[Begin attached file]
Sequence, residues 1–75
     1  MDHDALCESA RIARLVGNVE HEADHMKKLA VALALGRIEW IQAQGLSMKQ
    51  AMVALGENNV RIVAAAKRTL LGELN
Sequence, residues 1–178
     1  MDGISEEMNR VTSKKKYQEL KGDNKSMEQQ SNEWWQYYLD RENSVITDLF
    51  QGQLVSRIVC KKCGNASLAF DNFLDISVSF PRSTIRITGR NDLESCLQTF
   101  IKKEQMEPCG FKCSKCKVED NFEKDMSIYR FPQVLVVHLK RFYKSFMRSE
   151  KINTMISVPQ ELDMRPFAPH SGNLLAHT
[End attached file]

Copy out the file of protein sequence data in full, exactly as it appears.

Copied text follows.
Sequence, residues 1–75
     1  MDHDALCESA RIARLVGNVE HEADHMKKLA VALALGRIEW IQAQGLSMKQ
    51  AMVALGENNV RIVAAAKRTL LGELN
Sequence, residues 1–178
     1  MDGISEEMNR VTSKKKYQEL KGDNKSMEQQ SNEWWQYYLD RENSVITDLF
    51  QGQLVSRIVC KKCGNASLAF DNFLDISVSF PRSTIRITGR NDLESCLQTF
   101  IKKEQMEPCG FKCSKCKVED NFEKDMSIYR FPQVLVVHLK RFYKSFMRSE
   151  KINTMISVPQ ELDMRPFAPH SGNLLAHT